« Last post by paul cotter on Today at 19:10:50 »
Glad to hear that, mnd in it's various forms is a dire diagnosis.
So the integral we'd be interested in, representing the total probability of finding the electron at the screen from 'then'/ that time to infinity is finite << 1. Specifically we can assume the electron would never be found at the screen, write it off and just fire the next electron.Sounds reasonable
Anyway, we were talking about a lack of detection at the screen as being a lack of measurement:Depends on your definition of measurement. In real life, measurement is epistemological. If the electron hits the lab wall, you're unaware of it and your epistemic wave function isn't altered by the event. In the sim, the sim would know that the wall was hit and the actual wave function would be altered, and the real wave function would collapse. The screen then also measures the collapse because the screen measures the wall; it becomes entangled with the wall state.
Well, that is still some measurement by the screen as far as I can see.Yes, you know it missed, so the epistemic wave function is altered by the knowledge, even if it isn't 100% certain.
It is NOT at the screen at any time, although there are lots of other places it can beUnless you're assuming a counterfactual interpretation, I think it a mistake to talk about where it is in the absence of measurement. But a lot of simulations do exactly that, so I suppose it depends how your sim is implemented. You know it missed, so the new wave function can yield odds of where it likely hit, and that's assuming that the lab is reasonably closed and it doesn't shoot off into space never to interact with anything, as so many photons never do.
Is it possible for a thing to exist despite the fact that it hasn't and will not in the future interact with anything else?A matter of definitions. What does it mean to exist? There's conservation laws, so of course it exists. It merely lacks a location/momentum.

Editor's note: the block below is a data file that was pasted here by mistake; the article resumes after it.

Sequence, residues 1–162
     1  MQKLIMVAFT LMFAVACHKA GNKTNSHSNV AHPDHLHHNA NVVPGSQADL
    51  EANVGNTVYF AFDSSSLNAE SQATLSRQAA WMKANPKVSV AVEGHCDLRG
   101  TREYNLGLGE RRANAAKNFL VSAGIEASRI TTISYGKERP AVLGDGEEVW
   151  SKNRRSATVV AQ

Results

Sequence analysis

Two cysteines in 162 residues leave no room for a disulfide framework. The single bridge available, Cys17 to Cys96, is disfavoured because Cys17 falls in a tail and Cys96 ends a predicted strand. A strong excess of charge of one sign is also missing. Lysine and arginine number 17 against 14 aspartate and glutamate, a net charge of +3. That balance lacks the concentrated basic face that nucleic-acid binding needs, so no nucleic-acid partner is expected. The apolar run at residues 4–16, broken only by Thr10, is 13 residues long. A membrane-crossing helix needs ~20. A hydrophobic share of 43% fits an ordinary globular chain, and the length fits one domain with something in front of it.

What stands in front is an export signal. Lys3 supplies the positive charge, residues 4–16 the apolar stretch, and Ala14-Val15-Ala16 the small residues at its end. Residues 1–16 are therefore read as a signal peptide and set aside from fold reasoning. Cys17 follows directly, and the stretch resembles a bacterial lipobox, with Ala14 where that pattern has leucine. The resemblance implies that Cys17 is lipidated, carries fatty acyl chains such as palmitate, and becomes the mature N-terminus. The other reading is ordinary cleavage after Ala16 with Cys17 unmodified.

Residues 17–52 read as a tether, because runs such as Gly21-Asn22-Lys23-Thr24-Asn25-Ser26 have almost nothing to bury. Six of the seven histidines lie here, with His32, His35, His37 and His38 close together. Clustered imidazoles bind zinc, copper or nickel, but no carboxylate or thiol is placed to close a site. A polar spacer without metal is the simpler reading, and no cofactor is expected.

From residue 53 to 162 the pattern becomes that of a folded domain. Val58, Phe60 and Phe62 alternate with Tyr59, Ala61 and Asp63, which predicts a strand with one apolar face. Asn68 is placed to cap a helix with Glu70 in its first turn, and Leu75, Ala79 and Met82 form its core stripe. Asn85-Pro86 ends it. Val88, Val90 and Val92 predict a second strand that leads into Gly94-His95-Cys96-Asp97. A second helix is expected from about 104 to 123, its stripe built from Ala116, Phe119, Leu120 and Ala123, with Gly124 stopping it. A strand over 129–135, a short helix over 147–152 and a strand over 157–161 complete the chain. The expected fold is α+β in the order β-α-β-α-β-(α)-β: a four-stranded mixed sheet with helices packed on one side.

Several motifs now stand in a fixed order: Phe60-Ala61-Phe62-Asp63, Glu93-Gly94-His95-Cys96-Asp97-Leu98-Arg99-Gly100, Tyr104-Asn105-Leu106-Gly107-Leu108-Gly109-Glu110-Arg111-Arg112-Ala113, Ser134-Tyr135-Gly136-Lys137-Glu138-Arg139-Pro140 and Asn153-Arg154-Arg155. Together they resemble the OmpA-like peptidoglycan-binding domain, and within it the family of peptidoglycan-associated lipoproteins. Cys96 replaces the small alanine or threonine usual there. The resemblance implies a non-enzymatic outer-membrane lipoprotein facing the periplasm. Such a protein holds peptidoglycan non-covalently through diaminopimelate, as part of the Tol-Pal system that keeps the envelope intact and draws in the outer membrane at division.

For example, the electrons can encounter other particles and potentials en route to the barrier and/or screen.Always wondered about that. Do they regularly do the electron-gun thingy in a vacuum to avoid that sort of thing?
You seem to be asking if the electron misses the screen, is a measurement taken? Well, not by the screen (yet)We seem to agree that an electron (represented by a Gaussian wave packet initially) can "miss" the screen. It wouldn't matter if the screen is made infintely long parallel to the y-axis (and we fire the electron toward it along the x-axis). This is evidently quite different from a Newtonian view of particles and their movement, where the electron could not possibly be found beyond the screen without having impacted on the screen on the way. Hmmm... actually I might give the screen some potential above 0 in my computer model, for the sole purpose of reducing the number of electrons that will propagate through it. One issue with the simulation is - how long do you wait for the electron to have been detected by the screen? If the screen glows, great, you're done, you can fire the next electron. If it doesn't, then the wave packet is still spreading out to fill all of space as time progresses, so the probability of the electron being found at the screen never falls to 0. Clearly, for the purposes of a simulation you cannot wait forever. Once the group velocity of the wave packet has made it so that the wave packet is centred far beyond the screen, we must assume the electron has just "missed", the probability of it being found at the screen then starts to fall off exponentially with time as the distance from the screen increases. So the integral we'd be interested in, representing the total probability of finding the electron at the screen from 'then'/ that time to infinity is finite << 1. Specifically we can assume the electron would never be found at the screen, write it off and just fire the next electron.
or it never interacts, and is effectively nonexistent (according to any local interpretation at least).This might be philosophy. Is it possible for a thing to exist despite the fact that it hasn't and will not in the future interact with anything else? Anyway.... there's always gravity which we don't tend to include in any Quantum Mechanics, the electron is still providing some energy density and thus curving space, i.e. it is interacting with something else in some way (you would think).